It’s my island, mine alone, so I’m alone.
Singing to myself and the sea.
With equally endless ever-churning fractal blacks above and below me.
And the pattern repeats, too far out for me to see, but there must be an infinity of islands just as isolated.
And the pattern repeats, inside my mind, infinitesimally across the synapse gaps between a hundred billion neurons.
So I sit and consider.
No way I can swim, even assured I’d see shore before I sank.
And if I try and scream?
But who’d hear before I broke my throat?
I can only compile contemplations of complete isolation.
All potential lacking action, surrounded by water so nothing gains traction.
My eyes catch on crimson, a barbed kind of bright I can’t pull out of my sight.
So I’m stuck staring at a balloon as it bobs up and down over the horizon.
I reach out as a reflex nearly wrenching my arm from it’s socket, only to end up no closer.
But I see it float towards me, effortlessly, with purpose and pride. Until it stops still.
As if inspecting me in my introspection, unsure of mooring anymore. Still agonizingly above and out of my grasp.
I ask it to come closer, no answer.
No reply after my second try, either.
So I lash out, take a running start and with every ounce of strength I pounce.
It pops, unable to weave out of the way.
No sooner am I alone in the air than I’ve found the ground again. Only this time I’m clutching shreds of ripped rubber, already wrinkled and retracting, soon rotted away.
Inside is my prize, a little putrefied but preserved enough for me to read the words.
I’m unsure how long I’m sat in silence, wrapped up in the writing.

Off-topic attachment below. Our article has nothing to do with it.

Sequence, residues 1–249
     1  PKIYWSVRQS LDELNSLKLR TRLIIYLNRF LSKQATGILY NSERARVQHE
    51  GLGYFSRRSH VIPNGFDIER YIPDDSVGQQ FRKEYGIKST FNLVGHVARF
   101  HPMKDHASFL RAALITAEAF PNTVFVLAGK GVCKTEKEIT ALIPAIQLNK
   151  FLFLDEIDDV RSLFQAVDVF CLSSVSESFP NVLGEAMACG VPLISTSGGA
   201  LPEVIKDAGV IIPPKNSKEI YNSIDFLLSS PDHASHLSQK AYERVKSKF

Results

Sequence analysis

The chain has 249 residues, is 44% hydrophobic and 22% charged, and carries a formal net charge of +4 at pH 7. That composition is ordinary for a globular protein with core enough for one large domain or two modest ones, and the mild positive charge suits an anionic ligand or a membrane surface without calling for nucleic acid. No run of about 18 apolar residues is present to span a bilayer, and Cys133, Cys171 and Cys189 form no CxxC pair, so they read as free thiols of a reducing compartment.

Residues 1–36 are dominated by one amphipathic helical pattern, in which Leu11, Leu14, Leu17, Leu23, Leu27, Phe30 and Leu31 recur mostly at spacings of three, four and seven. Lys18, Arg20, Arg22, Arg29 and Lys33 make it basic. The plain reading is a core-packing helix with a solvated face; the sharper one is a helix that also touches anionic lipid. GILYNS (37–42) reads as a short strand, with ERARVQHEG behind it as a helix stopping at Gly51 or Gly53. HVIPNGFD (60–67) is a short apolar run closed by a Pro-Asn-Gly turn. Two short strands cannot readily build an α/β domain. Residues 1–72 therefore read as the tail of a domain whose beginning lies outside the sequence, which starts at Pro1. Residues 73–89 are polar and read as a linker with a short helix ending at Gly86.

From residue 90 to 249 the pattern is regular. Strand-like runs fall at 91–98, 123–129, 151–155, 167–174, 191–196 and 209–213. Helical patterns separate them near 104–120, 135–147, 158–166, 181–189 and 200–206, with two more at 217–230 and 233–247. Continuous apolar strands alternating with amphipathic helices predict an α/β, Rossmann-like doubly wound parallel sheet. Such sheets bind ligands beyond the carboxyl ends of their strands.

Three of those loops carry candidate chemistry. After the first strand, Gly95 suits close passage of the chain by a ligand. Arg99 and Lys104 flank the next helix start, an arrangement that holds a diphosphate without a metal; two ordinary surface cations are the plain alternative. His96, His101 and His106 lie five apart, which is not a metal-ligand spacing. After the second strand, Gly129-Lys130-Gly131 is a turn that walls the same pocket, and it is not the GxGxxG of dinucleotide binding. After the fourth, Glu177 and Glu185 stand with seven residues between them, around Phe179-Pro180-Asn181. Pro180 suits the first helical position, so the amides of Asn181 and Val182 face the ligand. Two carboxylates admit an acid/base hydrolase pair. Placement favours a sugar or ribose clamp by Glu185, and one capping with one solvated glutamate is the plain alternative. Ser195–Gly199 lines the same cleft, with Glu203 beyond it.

I can’t make sense of how close a stranger came to me without my knowledge.
But whoever wrote this knew me and intimately.
I’m reading and rereading each line and every time I’m more sure I’ve been seen right through so thoroughly.
That’s how I know I’ve no choice but to lend my voice to a cause I can’t quite comprehend.
To be a stranger’s friend.
I’m to tell them, we’re alike whether we like it or not, that they aren’t the only lonely one.
So I sew back together the scraps of crimson skin.
I tell this shell my secrets, about the hell I dwell on and in and how there’s a howling abyss I’d be remiss not to mention.
Finally I feel the tension, as the balloon begins to tug up and we both feel at least a little lighter.
I watch it, and smile as it sways its way away and skyward, to brighten someone else’s day.
And I reflect, on the thoughts inside.
It’s lacking the essential essence of elegance or eloquence to be anything other than ugly.
Just like me.
I can’t let it get loose out there.
I need a snare to snap it back and before I lose track.
Without thinking I’ve grabbed a nearby spear and sent it soaring.
It pierces the ballon with perfect precision, sending it sinking as all my secrets spill out unsightly but at least unseen by anyone but me.
So I slump,
unsupported by the sudden silence after that burst of passion and violence.
My own words long gone and the warmth I felt from others faded. Leaving me cold, green with envy and jaded.
I should have known I couldn’t compare to that flair so obviously there in other people.
So instead despair.
And the pattern repeats, repeatedly.
No reason to expect any events else than these.
Until a pill appears, citalopram, appealing as a potential panacea, for all my ills.
Once a day, with water.
So I swallow.
Ready to no longer wallow in my miasma.
The sea is somehow blacker back here, with writhing tide that won’t subside.
Someone ripped out the stitching where the sky was scared so old and faded thunder could be rebled but so much more red.
The storm inside my head restarts and spreads out to my other parts. The nausea is renewed so as to always be so vividly vibrantly new to me.
I barely move.
But the next day,
once more with water.
And the pattern repeats, with permutations, so preparation is impossible.
I write down the details of the defects detaining me.
I don’t notice all the balloons I inadvertently inflate fill, until I see them float free over the sea.
I don’t know what’s different,
or why I adapt,
but I do.